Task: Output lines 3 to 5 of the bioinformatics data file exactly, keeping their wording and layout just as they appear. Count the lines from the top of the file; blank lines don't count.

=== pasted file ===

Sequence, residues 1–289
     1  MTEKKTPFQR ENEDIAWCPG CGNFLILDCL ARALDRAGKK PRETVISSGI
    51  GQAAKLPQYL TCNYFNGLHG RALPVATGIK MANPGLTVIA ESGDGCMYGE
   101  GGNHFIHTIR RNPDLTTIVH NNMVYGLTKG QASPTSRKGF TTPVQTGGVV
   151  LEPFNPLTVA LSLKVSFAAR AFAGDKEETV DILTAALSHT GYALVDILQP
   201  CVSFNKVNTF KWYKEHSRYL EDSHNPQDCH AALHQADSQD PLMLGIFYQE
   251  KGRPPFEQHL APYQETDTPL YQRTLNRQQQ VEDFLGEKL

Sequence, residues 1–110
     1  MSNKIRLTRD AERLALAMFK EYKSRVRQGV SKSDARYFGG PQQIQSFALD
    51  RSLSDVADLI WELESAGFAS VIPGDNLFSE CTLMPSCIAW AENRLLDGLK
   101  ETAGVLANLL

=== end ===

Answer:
    51  GQAAKLPQYL TCNYFNGLHG RALPVATGIK MANPGLTVIA ESGDGCMYGE
   101  GGNHFIHTIR RNPDLTTIVH NNMVYGLTKG QASPTSRKGF TTPVQTGGVV
   151  LEPFNPLTVA LSLKVSFAAR AFAGDKEETV DILTAALSHT GYALVDILQP